Panic disorder is a type of anxiety disorder. It causes panic attacks, which are sudden feelings of terror when there is no real danger. You may feel as if you are losing control. You may also have physical symptoms, such as
- Fast heartbeat
- Chest or stomach pain
- Breathing difficulty
- Weakness or dizziness
- Feeling hot or a cold chill
- Tingly or numb hands
Panic attacks can happen anytime, anywhere, and without warning. You may live in fear of another attack and may avoid places where you have had an attack. For some people, fear takes over their lives and they cannot leave their homes.
Panic disorder is more common in women than men. It usually starts when people are young adults. Sometimes it starts when a person is under a lot of stress. Most people get better with treatment. Therapy can show you how to recognize and change your thinking patterns before they lead to panic. Medicines can also help.
NIH: National Institute of Mental Health
- Panic Attacks and Panic Disorder (Mayo Foundation for Medical Education and Research)
- Panic Disorder (American Academy of Family Physicians) Available in Spanish
- Panic Disorder (NAMI) - PDF
- Panic Disorder (National Institute of Mental Health)
- Panic Disorder: When Fear Overwhelms (National Institute of Mental Health)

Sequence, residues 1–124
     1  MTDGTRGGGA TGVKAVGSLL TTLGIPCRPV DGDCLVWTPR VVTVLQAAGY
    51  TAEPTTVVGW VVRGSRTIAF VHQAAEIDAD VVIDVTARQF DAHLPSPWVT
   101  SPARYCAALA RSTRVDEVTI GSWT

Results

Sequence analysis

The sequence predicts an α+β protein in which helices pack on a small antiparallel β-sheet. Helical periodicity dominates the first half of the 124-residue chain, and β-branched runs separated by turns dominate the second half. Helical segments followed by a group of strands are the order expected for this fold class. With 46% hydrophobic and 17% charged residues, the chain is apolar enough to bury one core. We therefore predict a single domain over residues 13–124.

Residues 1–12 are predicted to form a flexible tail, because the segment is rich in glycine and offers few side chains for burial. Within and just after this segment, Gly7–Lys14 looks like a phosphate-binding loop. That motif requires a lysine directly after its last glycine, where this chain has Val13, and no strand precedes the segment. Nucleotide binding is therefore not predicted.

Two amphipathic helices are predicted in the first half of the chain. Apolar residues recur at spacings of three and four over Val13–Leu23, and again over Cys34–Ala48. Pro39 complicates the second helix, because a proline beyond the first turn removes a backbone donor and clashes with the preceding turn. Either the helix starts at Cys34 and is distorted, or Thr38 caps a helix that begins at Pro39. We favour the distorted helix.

Diagnosis and Tests
- Screening for Panic Disorder (Anxiety and Depression Association of America)
Health Check Tools
- Anxiety (DSHI Systems)
Statistics and Research
- Panic Disorder among Adults (National Institute of Mental Health)
- ClinicalTrials.gov: Panic Disorder (National Institutes of Health)
Journal ArticlesReferences and abstracts from MEDLINE/PubMed (National Library of Medicine)
- Article: Impulsivity and Panic Disorder: an exploratory study of psychometric correlates.
- Article: Cortisol as an indicator of hypothalmic-pitituary-adrenal axis dysregulation in patients...
- Article: Predictors of poor treatment response to additional CBT in real...
- Panic Disorder -- see more articles
- Panic Disorder and Women (Department of Health and Human Services, Office on Women's Health)